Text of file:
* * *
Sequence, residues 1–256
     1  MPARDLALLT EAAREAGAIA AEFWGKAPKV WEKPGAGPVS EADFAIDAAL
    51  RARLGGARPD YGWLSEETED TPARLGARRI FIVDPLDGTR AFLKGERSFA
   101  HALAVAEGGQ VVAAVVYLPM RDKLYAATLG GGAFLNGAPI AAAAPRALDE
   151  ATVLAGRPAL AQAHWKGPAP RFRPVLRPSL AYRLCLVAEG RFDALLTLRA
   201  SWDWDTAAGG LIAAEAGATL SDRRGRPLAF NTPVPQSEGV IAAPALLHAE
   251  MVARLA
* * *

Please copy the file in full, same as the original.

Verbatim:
Sequence, residues 1–256
     1  MPARDLALLT EAAREAGAIA AEFWGKAPKV WEKPGAGPVS EADFAIDAAL
    51  RARLGGARPD YGWLSEETED TPARLGARRI FIVDPLDGTR AFLKGERSFA
   101  HALAVAEGGQ VVAAVVYLPM RDKLYAATLG GGAFLNGAPI AAAAPRALDE
   151  ATVLAGRPAL AQAHWKGPAP RFRPVLRPSL AYRLCLVAEG RFDALLTLRA
   201  SWDWDTAAGG LIAAEAGATL SDRRGRPLAF NTPVPQSEGV IAAPALLHAE
   251  MVARLA